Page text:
Books about kids with hearing loss

When children read books they want to find books that they can identify with. Children of color want to read books in which there are children of color. Girls want to read books in which there are strong girls (like the Mighty Girl) series.

Children with hearing loss who wear hearing aids and cochlear implants want to read books about children with hearing loss who wear technology.

 

MIGHTY MILA

 

There are two new books which deserve review. MIGHTY MILA is a book about a little girl named Mila who has SUPER EARS. In this case her SUPER EARS are cochlear implants. She talks about what she can hear with her super ears. She hears big sounds and tiny sounds. In this book she decides to prove that she can do everything by herself. She can get dressed by herself, play by herself. She uses her ears to help her find what is missing. Sometimes she needs help. Her dad gives her the bike but without training wheels. It turns out to be harder than Mila expects. But when she asks for help it turn out that her parents can help her and she learns to ride by herself.

The thing I like best about this book is that there are questions at the end of the book that families, clinicians and teachers can use to build discussion.

The book is written by Mila’s mom, Katie Petruzziello and illustrated by Nadia Sarell. It is published by Might Books LLC.

 

NOW HEAR THIS : HARPER SOARS WITH HER MAGIC EARS

 

This book is written in the first person by a little girl named Harper who has a hearing loss. She describes that she was born with a hearing loss caused by a gene that both parents had and that it required lots of trips to the audiologist and the ENT.

She talks about getting earmolds and hearing aids and choosing the color she liked – blue earmolds and silver hearing aids. And then she got a cochlear implant. She played listening games during programming sessions and got rewards like lollipops and stickers. She talks about people asking her what it is like to hear with a cochlear implant and she says it is the only way she ever has heard. She says it helps to face the person talking to her. She talks about different sounds, and the fact that being born with hearing loss has not stopped her one bit.

She plays all kinds of sports and plans on winning. She wants everyone to know that no what problem you are born with you can soar. Harper also has a brother who has a hearing loss and she talks about how it’s good to have a sibling who understands what it is like to have a hearing loss.

This book is written for older kids. While there are some drawings it is mostly written material. I would say that once a child has a language level of 3rd or 4th grade this book could be read to them.

This book is published by Gatekeeper Press and is written by Valli and Harper Gideons and illustrated by Priscila Soares.

 

How to use books

 

We know that it is critical to read to children. As we read we may adapt the language to match the child’s language level. But don’t just read the text. Talk about the book. Talk about what is happening.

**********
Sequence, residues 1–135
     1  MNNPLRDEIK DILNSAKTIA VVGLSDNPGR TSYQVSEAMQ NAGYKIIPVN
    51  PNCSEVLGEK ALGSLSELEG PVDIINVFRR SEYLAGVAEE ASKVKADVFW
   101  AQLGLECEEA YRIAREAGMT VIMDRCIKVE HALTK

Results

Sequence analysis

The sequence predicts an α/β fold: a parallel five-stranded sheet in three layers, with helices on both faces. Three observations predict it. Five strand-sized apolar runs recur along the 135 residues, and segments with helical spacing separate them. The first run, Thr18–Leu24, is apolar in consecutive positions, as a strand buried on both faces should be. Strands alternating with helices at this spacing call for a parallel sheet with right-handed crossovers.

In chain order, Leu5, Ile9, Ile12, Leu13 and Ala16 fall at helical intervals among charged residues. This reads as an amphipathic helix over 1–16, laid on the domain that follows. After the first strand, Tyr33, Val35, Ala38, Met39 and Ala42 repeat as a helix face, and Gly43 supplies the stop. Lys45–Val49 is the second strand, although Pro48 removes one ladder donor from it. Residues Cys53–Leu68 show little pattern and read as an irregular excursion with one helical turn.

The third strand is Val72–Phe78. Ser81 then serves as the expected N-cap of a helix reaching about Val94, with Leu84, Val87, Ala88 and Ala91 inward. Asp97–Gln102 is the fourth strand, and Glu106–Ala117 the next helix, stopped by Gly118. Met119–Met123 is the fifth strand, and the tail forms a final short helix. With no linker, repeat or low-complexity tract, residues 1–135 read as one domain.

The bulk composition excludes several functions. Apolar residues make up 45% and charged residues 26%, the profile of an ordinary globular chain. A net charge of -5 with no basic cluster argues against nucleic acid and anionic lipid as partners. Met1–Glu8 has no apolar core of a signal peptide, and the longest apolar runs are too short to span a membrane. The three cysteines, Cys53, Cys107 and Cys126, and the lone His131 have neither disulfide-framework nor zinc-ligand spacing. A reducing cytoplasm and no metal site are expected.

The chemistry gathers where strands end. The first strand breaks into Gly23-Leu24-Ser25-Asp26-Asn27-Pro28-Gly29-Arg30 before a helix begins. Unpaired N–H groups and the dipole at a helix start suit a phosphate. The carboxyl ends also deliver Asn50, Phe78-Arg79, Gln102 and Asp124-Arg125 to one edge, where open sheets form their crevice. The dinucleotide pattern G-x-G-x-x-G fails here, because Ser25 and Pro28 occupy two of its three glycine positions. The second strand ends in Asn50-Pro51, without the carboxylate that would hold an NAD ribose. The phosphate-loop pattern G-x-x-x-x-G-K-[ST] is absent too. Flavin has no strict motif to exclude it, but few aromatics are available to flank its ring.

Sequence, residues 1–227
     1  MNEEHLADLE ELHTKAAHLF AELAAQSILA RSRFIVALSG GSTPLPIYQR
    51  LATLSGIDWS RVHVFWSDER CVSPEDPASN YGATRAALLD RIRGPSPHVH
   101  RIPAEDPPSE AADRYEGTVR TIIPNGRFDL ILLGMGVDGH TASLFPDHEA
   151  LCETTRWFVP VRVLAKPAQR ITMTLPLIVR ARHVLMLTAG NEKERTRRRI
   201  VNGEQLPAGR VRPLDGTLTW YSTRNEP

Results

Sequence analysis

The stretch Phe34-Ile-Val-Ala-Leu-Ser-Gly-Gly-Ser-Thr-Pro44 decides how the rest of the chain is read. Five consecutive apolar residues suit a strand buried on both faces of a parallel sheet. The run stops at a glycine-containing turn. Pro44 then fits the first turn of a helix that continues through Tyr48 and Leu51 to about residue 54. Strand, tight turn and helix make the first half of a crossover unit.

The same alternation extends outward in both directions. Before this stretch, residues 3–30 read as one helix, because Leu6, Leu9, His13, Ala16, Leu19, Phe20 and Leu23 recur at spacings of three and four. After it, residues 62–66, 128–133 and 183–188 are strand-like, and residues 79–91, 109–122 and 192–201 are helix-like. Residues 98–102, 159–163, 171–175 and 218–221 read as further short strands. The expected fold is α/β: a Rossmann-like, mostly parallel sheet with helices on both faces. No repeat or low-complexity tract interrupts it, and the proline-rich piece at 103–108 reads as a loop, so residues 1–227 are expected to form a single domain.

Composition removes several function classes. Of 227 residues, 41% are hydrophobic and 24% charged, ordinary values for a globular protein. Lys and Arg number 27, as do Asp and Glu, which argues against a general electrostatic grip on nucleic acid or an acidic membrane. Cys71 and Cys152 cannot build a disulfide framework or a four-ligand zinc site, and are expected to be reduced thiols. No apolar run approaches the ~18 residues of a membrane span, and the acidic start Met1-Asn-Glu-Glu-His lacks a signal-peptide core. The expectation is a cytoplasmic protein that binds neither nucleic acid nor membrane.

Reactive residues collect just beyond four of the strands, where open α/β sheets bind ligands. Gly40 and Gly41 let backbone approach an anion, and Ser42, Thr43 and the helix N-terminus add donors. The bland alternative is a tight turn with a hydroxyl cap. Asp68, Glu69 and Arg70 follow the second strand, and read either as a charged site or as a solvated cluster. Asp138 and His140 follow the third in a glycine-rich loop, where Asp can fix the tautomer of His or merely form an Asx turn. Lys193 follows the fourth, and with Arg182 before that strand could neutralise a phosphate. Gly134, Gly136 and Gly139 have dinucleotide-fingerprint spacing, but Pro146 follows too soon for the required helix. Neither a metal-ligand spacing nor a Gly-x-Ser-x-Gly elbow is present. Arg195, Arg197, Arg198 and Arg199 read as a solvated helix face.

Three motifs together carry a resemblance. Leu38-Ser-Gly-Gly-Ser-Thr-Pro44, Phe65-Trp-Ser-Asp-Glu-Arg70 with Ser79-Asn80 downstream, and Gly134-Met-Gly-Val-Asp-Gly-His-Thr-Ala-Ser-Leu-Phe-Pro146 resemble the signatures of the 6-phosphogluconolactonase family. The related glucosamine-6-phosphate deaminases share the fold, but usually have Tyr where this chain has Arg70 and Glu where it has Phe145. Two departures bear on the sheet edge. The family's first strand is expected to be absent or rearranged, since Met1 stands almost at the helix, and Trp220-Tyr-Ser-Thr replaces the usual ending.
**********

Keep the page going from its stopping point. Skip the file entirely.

“Why do you think Mila made such a mess in her room?”. “ Did Harper like her hearing aids? Why did she like them? Do you think she ever felt sad about wearing hearing aids?” “ Do you ever feel sad about wearing hearing aids?” What was the cat doing? Why was the cat doing that? Have you ever seen a purple cat?”

Talk about the book. Use it as an opportunity to build new language. Use it as an opportunity to develop ideas and to analyze why someone has done what they did.

But mostly READ READ READ. Even once a child can read for themselves families should read to them because we can read at a higher level than they can and it gives the opportunity to keep building skills.

 

About Jane Madell

Jane Madell has a consulting practice in pediatric audiology. She is an audiologist, speech-language pathologist, and LSLS auditory verbal therapist, with a BA from Emerson College and an MA and PhD from the University of Wisconsin. Her 45+ years experience ranges from Deaf Nursery programs to positions at the League for the Hard of Hearing (Director), Long Island College Hospital, Downstate Medical Center, Beth Israel Medical Center/New York Eye and Ear Infirmary as director of the Hearing and Learning Center and Cochlear Implant Center. Jane has taught at the University of Tennessee, Columbia University, Downstate Medical School, and Albert Einstein Medical School, published 7 books, and written numerous books chapters and journal articles, and is a well known international lecturer.

4 Comments

  1. Thank you for sharing about Mighty Mila! I wrote this book, inspired by my spunky little daughter, to help provide further representation for her and other deaf/hard of hearing children, and to also help promote more awareness and inclusion in the world. Appreciate you writing such a nice review about it!

  2. You may want to check out a new book “Hear Me”
    By Kerry O’Malley Cerra. It’s about a middle school student coming to terms with her progressive hearing loss. Very good reading. Middle school target audience

  3. You may want to add to the list “Hear Me’, a book just published by Kerry O’Malley Cerra. The story, geared for a middle school audience, is about a 12-year-old girl coming to terms with her progressive hearing loss and facing the prospects of a cochlear implant. The author is a cochlear implant recipient. You can find more information at Kerryomalleycerra.com

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